Help received by parents of disabled children
Working Families, uniquely, works with employers and employees to help parents and carers find a better balance between their work commitments and home responsibilities.
Working Families and its Working On campaign aims to:
- raise awareness of the difficulties faced by parents of disabled children combining work and care
- encourage change in childcare provision, employment practice and support services to enable more parents of disabled children to enter and remain in work
- identify key partners to champion the needs of parents of disabled children
- change attitudes: parents of disabled children CAN work and need support to remain employed
Tom’s Story – negotiating flexible working after a change in circumstances
Tom is the father of a teenage boy with special needs and he contacted us for advice. He is separated from his son’s mother and when he first requested flexible working from his employer, he had care of his son at the weekends. He was later given full-time care of his son, but because he had already requested flexible working formally, less than a year previously (which was refused), he couldn’t make a further formal request.
Our Advice Line advised that, although he didn’t have a statutory right to make a further request if his initial one was definitely made under the regulations, the employer could consider a further request, and it would be good practice for them to do so. Employers can always be more generous than the law. However, he wouldn’t be able to force his employer to consider his request, unless he could show that last year’s request wasn’t a formal one.
We also advised him to try negotiating, as perhaps he can argue for a temporary reduction in hours whilst he adjusts to being a full-time parent. He should look into whether he can claim Disability Living Allowance (DLA) for his son, as this will help him financially and might give him other options if he is unable to agree a feasible working pattern.
Susannah’s Story – using Parental Leave
Susannah rang the Waving not drowning helpline to say that she worked for a manufacturing company with a very male environment for a rather old fashioned boss in the North East of England. Her little boy, has a deteriorating illness. He was getting worse and was being difficult with his childminder. She’d asked for some time off but her boss had turned her down and told her that if he allowed her to take time off it everyone would want time off.
We were able to explain to her about emergency and parental leave. We told her that she had a legal right to take to take some time off if an emergency arose around her son or his care arrangements, but what really interested her was her right to parental leave. She was entitled take four weeks, albeit unpaid, leave to be with her son. She felt it would give her the opportunity to spend time with her son, settle him down and sort out appropriate care arrangements.
Loosing four weeks’ pay would put a strain on her budget, but during the conversation the advisor found out that Susannah was a lone parent in receipt of Working Tax Credit. SheI reminded her that once the details of her reduced income had worked their way through the system she would be compensated in part through her Tax Credits for her loss of wages.
The Advisor also told Susannah that if she felt that reducing her hours or altering the way the worked would help her then she had the right to request flexible working and she was welcome to ring the Advice Line again if she wanted to discuss the procedure.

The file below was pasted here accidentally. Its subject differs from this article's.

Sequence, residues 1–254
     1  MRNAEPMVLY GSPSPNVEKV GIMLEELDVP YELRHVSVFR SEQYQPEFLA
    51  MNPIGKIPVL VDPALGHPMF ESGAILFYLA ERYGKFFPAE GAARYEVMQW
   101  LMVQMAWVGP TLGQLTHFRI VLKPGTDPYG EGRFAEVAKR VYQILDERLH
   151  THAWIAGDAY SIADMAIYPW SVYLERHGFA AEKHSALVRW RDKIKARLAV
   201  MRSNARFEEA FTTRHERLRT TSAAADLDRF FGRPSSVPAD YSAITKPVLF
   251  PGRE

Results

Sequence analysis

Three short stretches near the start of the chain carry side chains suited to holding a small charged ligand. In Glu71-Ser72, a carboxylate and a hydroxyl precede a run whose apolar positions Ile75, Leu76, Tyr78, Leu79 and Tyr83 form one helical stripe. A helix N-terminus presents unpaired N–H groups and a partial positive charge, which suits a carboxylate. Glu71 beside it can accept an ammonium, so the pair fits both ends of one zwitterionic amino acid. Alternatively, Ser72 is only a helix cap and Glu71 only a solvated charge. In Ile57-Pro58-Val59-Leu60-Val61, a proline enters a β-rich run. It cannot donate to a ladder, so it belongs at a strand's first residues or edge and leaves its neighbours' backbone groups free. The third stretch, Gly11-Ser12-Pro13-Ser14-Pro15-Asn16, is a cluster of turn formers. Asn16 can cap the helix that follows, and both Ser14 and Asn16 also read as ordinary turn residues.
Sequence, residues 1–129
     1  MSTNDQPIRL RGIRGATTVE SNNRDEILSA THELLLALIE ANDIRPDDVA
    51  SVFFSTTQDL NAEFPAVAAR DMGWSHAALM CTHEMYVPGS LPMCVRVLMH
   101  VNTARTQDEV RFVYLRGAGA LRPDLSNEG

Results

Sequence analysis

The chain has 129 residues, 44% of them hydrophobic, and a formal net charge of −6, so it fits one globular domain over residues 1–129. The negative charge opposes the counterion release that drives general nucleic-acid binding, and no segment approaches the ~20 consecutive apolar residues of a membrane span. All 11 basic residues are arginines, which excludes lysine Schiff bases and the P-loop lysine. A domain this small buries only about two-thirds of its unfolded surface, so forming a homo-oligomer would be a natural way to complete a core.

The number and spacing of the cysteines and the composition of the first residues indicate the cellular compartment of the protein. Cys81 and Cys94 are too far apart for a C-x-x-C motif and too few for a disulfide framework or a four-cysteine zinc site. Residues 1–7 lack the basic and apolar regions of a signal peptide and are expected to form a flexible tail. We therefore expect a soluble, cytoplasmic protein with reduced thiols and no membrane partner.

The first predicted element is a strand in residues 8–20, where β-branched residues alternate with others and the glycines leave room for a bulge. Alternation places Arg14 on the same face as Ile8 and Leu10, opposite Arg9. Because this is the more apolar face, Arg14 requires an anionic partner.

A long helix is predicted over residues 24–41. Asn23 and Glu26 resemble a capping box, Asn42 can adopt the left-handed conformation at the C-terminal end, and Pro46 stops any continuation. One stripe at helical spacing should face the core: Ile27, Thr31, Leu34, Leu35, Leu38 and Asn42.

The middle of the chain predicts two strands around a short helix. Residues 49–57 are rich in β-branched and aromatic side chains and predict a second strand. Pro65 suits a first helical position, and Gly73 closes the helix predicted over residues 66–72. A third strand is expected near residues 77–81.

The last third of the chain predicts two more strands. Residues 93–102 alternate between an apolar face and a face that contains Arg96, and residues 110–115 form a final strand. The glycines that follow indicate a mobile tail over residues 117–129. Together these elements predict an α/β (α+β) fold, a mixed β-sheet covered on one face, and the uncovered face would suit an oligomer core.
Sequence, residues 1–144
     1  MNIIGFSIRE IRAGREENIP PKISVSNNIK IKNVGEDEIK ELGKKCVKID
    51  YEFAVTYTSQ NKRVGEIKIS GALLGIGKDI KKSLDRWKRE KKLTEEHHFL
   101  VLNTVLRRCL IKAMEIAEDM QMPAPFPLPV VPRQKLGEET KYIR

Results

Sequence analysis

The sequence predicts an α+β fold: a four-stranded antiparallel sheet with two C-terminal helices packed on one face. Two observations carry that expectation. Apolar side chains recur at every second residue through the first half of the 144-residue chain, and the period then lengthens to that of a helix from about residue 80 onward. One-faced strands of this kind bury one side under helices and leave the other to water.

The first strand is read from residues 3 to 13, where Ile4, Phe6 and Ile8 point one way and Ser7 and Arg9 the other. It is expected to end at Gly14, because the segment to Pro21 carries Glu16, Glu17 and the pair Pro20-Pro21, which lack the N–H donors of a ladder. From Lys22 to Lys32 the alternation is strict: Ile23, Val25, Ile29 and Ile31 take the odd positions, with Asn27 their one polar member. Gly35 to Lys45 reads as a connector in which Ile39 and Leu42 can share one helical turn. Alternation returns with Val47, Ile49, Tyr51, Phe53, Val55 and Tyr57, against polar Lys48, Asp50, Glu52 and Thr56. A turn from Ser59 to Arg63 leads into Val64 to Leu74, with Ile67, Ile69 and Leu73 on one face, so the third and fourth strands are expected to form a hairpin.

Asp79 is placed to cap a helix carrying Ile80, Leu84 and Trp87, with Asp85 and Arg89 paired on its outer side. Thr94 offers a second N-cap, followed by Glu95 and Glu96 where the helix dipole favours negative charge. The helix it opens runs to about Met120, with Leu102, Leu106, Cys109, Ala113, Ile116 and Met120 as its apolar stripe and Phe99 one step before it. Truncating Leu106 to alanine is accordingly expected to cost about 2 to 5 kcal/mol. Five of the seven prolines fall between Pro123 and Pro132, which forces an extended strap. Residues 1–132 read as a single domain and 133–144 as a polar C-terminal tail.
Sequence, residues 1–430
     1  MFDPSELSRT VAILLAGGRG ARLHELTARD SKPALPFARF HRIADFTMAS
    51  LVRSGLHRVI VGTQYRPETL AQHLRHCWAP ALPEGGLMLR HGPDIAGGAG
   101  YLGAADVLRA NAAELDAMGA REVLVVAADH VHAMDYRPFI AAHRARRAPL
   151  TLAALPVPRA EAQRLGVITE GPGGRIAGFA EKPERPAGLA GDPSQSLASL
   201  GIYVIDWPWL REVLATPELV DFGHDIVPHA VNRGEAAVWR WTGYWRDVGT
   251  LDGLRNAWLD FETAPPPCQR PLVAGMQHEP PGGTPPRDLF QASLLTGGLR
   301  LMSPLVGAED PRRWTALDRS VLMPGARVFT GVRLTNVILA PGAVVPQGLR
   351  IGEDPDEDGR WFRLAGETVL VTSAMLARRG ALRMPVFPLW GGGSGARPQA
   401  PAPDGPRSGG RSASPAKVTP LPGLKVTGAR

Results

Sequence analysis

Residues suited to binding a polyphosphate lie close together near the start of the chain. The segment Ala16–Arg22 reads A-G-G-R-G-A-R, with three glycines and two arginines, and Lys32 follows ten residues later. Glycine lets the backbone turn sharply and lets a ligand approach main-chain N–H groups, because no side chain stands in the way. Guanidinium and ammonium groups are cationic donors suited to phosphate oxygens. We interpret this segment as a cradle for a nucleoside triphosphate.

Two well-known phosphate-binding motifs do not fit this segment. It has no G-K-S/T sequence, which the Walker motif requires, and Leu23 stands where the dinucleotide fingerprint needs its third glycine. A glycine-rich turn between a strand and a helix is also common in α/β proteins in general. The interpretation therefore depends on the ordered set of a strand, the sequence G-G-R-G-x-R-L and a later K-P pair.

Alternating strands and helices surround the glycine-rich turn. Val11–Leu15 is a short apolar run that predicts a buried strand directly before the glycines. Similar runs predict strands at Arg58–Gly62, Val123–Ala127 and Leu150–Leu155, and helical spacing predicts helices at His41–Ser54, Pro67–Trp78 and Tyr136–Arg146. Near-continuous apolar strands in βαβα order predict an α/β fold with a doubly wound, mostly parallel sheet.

Susannah rang off feeling that she would now be able to balance her responsibility for her sick child and her work commitments and she was looking forward to receiving the Waving not drowning newsletter which would keep her in touch with her rights in the workplace and enable her to share the experiences of other working parents of disabled children.
Morag’s story – using the right to request flexible working.
Morag’s phone call to the Waving Not Drowning helpline was typical. The home-school transport arrangements for her disabled son had been changed. She needed to leave her work 30 minutes earlier in order to be home in time. He has severe learning difficulties and so she has to be there when he comes home.
She told our Advisor that she’d been with her employer for five years, working three days a week doing admin and reception work. She wanted to cut her lunch hour down to half an hour and leave the office earlier but felt that her employer wouldn’t hear of it.
Morag’s son was 14, and she receives Disability Living Allowance for him. She had the right to request to change her hours under the right to request flexible working legislation. Her employer had to consider each request on a case-by-case basis and he could only turn down her request on one of the business grounds specified in the legislation.
We asked Morag about how her work was organised and it transpired that it would be helpful to everyone in the office if she were more available in the middle of the day, their busy time, and her colleagues who dealt with phone calls on the days she was not there could answer the few calls that would come in after 4.30. Her boss could not make a business case for refusing her.
Our Advisor went through with Morag the formal procedure for making her request to change her hours and told her that if her employer did not hold a meeting with her as the law obliges him to or in any way failed to follow the procedure or if he still turned her down she should ring the Advice Line again so that we could explore how to take it further.
Now she knew where she stood, Morag was able to negotiate the hours she needed. Allowing Morag a little bit of flexibility saved her employer from losing an experienced member of staff and the cost and trouble of recruiting someone new.